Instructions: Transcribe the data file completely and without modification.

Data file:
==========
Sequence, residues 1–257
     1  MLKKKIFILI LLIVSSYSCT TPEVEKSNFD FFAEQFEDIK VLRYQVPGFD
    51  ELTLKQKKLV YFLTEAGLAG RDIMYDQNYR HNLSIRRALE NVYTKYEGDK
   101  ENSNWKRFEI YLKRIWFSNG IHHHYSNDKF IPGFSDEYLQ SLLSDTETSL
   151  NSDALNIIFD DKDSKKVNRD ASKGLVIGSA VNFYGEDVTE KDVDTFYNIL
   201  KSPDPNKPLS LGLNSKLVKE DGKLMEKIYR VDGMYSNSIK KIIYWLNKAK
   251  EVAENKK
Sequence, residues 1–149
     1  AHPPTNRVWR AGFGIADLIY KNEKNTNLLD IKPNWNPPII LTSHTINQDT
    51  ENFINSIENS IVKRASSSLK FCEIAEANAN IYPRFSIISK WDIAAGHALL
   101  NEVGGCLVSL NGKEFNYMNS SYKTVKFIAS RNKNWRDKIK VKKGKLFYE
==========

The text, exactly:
Sequence, residues 1–257
     1  MLKKKIFILI LLIVSSYSCT TPEVEKSNFD FFAEQFEDIK VLRYQVPGFD
    51  ELTLKQKKLV YFLTEAGLAG RDIMYDQNYR HNLSIRRALE NVYTKYEGDK
   101  ENSNWKRFEI YLKRIWFSNG IHHHYSNDKF IPGFSDEYLQ SLLSDTETSL
   151  NSDALNIIFD DKDSKKVNRD ASKGLVIGSA VNFYGEDVTE KDVDTFYNIL
   201  KSPDPNKPLS LGLNSKLVKE DGKLMEKIYR VDGMYSNSIK KIIYWLNKAK
   251  EVAENKK
Sequence, residues 1–149
     1  AHPPTNRVWR AGFGIADLIY KNEKNTNLLD IKPNWNPPII LTSHTINQDT
    51  ENFINSIENS IVKRASSSLK FCEIAEANAN IYPRFSIISK WDIAAGHALL
   101  NEVGGCLVSL NGKEFNYMNS SYKTVKFIAS RNKNWRDKIK VKKGKLFYE